My Joy

by Chris Cabin, 29.09.2011, www.filmcritic.com

Everything is rotten in Sergei Loznitsa's excellent debut narrative feature, My Joy, finally receiving North American distribution nearly a year after its stateside premiere at last year's New York Film Festival. Opening on a close-up of a churning cement mixer that looks suspiciously like a swirling pool of excrement, the director quickly sets his bleak comedic tone with the subsequent sequence, in which a fresh corpse is chucked into an unmarked grave before receiving a bath of muck and getting buried under a truckload of soil. By the time Georgy (Viktor Nemets), an amiable truck driver (not to mention the closest thing we have to a proper protagonist), gets harassed by a pair of manipulative cops, the filmmaker, who also wrote the film's script, has thoroughly submerged us in his own oddly compelling, hugely cynical worldview.

An avant-garde documentarian for most of his career, Loznitsa centers the film on Georgy's doomed travels through the Ukrainian countryside but this post-war nightmare is hardly what you might call Georgy's story. In fact, the narrative focus swings wildly minute-by-minute, even as the director's mood remains consistently strong. Loznitsa's interest in Georgy has almost nothing to do with a narrative engine and everything to do with having an on-screen proxy, to supply us with a tour guide of sorts. He doesn't say much (nor do many of the characters) and, as one nincompoop puts it, he rarely interferes with anyone. But that doesn't mean that he is immune to the pain and grief that those who surround him are so ambivalently ready to dole out.

Georgy is beaten, cheated, belittled, embarrassed, unjustly jailed and raped but his tortures do not seem entirely unique. Loznitsa's main focus, as with many of his documentary work, is on faces and landscapes, especially when it comes to the dark histories they often hide. Not all that long into the film, Georgy makes his way through a crowded marketplace, after being cursed out by a teenage prostitute he attempted to give charity too. Loznitsa's incredibly fluid and active camera, wielded by the great Romanian DP Oleg Mutu, wanders off in the middle of this, searching out the denizens that hide behind the marketplace. This happens often but rather than become a near-absurdist study in storytelling (like Raul Ruiz's towering Mysteries of Lisbon or The Saragossa Manuscript), this fascination with outlying action and characters brings out a richness, a beguiling interest in humanity that at once works with and against the meta-cynical bent of Loznitsa's script.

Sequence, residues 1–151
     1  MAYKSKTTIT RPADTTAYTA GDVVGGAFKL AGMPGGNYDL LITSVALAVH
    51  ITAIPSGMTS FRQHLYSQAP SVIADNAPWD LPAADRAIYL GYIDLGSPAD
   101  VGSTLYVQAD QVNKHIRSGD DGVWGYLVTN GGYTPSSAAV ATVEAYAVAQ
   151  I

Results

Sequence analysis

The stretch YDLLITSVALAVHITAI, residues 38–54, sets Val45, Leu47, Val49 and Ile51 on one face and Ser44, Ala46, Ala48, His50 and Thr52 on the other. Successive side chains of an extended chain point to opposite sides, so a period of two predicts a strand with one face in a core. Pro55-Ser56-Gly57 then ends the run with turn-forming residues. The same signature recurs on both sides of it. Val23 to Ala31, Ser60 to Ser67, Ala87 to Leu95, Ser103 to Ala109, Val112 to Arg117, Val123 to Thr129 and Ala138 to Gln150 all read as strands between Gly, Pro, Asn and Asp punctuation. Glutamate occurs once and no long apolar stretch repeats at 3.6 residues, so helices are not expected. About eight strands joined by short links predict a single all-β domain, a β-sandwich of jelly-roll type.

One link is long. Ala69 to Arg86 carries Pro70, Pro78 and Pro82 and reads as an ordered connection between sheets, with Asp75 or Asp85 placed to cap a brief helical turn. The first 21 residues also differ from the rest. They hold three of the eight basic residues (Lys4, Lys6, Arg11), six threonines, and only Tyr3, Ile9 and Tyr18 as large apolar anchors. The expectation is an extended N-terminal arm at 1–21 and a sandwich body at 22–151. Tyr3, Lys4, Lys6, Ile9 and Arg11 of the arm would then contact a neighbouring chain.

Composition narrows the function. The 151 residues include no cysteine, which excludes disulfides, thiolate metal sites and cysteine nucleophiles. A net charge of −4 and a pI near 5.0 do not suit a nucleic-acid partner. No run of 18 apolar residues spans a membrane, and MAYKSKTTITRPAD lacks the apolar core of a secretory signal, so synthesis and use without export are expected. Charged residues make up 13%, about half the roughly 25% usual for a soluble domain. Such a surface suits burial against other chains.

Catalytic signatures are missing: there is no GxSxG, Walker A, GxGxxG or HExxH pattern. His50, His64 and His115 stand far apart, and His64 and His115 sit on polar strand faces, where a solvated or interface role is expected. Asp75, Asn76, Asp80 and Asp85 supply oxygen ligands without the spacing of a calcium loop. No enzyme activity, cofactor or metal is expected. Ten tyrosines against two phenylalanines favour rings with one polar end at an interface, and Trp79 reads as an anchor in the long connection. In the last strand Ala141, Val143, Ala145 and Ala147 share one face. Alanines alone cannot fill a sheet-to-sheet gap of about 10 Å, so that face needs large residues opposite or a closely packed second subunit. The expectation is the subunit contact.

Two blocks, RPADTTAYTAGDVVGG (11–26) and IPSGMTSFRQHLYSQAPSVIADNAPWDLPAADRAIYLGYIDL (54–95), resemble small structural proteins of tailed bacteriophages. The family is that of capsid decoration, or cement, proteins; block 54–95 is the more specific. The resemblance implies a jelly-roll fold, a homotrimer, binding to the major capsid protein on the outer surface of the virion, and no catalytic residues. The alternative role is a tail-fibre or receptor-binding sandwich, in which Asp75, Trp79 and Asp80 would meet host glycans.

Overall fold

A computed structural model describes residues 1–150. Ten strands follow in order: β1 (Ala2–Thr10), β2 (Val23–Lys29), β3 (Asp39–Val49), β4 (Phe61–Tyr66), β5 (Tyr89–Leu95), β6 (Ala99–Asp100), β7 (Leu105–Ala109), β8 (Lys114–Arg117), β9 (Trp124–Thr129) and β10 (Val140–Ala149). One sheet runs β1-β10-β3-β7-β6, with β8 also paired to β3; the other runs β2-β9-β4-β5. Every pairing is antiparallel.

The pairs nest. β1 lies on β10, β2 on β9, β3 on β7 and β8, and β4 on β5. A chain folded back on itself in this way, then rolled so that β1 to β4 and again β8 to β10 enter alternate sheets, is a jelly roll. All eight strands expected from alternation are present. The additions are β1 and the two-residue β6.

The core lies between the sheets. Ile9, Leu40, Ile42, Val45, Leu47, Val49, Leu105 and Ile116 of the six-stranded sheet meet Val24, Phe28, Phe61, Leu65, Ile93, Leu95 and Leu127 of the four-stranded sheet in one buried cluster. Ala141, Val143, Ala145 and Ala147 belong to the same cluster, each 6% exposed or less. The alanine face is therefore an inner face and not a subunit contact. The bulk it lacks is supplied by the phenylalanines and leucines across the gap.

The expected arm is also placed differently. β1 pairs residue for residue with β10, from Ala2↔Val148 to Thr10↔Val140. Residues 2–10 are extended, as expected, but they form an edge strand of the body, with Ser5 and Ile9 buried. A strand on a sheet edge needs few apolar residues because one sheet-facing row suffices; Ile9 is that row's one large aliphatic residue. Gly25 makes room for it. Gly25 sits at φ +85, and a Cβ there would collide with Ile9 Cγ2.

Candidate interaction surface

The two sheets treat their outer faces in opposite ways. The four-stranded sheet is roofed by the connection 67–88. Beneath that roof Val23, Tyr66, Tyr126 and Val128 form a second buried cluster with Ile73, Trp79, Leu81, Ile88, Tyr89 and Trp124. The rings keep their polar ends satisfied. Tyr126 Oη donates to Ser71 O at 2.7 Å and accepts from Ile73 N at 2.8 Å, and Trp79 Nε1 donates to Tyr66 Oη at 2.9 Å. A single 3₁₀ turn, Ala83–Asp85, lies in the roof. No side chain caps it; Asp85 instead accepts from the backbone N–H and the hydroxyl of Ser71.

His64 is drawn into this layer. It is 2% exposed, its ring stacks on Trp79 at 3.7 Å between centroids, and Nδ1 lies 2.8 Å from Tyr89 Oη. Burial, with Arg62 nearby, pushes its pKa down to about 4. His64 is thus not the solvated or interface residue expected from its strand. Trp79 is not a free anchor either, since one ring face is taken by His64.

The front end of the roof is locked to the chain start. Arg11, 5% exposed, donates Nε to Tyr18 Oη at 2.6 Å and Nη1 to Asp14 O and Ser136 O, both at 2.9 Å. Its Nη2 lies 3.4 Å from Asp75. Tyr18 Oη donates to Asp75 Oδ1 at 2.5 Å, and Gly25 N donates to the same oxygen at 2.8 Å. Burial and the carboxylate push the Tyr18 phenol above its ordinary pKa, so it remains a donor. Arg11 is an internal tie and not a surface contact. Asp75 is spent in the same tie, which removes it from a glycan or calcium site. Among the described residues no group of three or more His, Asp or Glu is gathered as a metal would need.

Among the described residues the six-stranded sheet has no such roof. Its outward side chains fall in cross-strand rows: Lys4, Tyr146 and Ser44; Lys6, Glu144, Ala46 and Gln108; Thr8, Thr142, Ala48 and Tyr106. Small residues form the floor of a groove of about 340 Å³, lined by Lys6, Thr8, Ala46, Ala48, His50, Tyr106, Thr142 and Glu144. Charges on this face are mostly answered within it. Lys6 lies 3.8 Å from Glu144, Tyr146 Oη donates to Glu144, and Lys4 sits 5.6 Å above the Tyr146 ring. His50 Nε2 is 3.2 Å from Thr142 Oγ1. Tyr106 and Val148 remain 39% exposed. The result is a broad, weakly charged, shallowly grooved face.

Sometimes these digressions bring us back in time, to witness the brutality and hysteria of life during wartime, under Hitler and Stalin's proverbial thumbs. And at one point, they vault us forward, into the future where, having been struck in the head with a log by thieves, Georgy has become literally dumbstruck. Bearded and muted, Georgy has become something like a zombie for a lonely woman and her bastard son, helping the boy out at work and providing the mother with a warm body to hump. He is, in fact, nearly left for dead until an old acquaintance finds him and attempts to save him. But at this point, the old idiom of "no good deed goes unpunished" has been tattooed on our left ventricle and when two officials stop by to shop around a corpse, it becomes unquestionably clear that things aren't going to end well.

Despite this unremitting pessimism, My Joy ends up being a lively work of howling wickedness, as despairing as it is sarcastic. This is to say that Loznitsa does not take his own cynicism as reason enough to make boring, turgid cinema dressed in a few clever lines. On the contrary, one can see Loznitsa burrowing into himself here, indulging in the same traits that typified his non-fiction work in a narrative context. (In many ways, this is a more entertaining, less ambitious brother to Patrick Keiller's superb, undistributed Robinson in Ruins.) In Loznitsa's 2002 documentary, The Settlement, we are slowly clued into the fact that the workers we have been watching are actually part of an experimental work therapy; the imagery hides its true nature. In My Joy, the truth is largely imagined but it's laid out plainly, and it hits with an uncommon, potent mix of heartbreak and horror.